Spinach extract reduces cravings, helps weight loss

September 2, 2014 in Nutrition Topics in the News, Weight Management

Spinach extract reduces cravings, helps weight loss

Swedish researchers from at Lund University have revealed that a  spinach extract containing green leaf membranes called thylakoids decreases hedonic hunger with up to 95% - and increases weight loss with 43%.

Hedonic hunger is another term for the cravings many people experience for unhealthy foods such as sweets or fast food. The study shows that taking thylakoids reinforces the body's production of satiety hormones and suppresses hedonic hunger, which leads to better appetite control, healthier eating habits and increased weight loss.

The small study involved 38 overweight women and ran for three months. Every morning before breakfast the participants had a green drink. Half of the women were given 5 grams of spinach extract and the other half, the control group, were given a placebo. The participants did not know which group they belonged to -- the only instructions they received were to eat a balanced diet including three meals a day and not to go on any other diet.

In the study, the control group lost an average of 3.5 kg while the group that was given the spinach compound lost 5 kg. The spinach group also found that it was easier to stick to three meals a day and they did not experience cravings.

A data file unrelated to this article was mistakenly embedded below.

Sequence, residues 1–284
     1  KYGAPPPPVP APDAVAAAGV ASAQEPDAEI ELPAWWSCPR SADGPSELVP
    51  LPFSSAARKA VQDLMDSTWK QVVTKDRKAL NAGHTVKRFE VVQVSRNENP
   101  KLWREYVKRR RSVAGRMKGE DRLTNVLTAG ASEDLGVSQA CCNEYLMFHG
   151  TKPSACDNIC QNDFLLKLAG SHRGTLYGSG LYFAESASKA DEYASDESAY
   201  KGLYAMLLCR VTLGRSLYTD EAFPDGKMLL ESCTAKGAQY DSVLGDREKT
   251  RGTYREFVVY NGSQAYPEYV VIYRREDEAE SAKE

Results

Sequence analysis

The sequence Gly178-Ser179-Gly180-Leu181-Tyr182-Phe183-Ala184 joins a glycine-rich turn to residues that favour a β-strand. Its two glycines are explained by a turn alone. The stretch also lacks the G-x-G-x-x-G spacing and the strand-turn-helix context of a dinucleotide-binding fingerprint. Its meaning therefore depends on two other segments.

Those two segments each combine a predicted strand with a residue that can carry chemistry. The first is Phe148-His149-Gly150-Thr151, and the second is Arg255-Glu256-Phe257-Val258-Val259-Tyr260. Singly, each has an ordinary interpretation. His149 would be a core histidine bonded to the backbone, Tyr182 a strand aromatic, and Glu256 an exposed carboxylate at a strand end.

The key is the feeling of satiety and suppression of hedonic hunger versus homeostatic hunger that deals with basic energy needs. Modern processed food is broken down so quickly that gut hormones that send satiety signals to the brain and suppress cravings cannot keep up. The spinach leaf membranes slow down the digestion process, giving the intestinal hormones time to be released and communicate to the brain that we are satisfied.

"It is about making use of the time it takes to digest our food. The spinach thylakoids extend digestion, producing a feeling of satiety. This means that we are able to stick to the diet we are meant for without snacks and unnecessary foods like sweets, crisps and such," said the lead researcher.

Source: Appetite, 2014.

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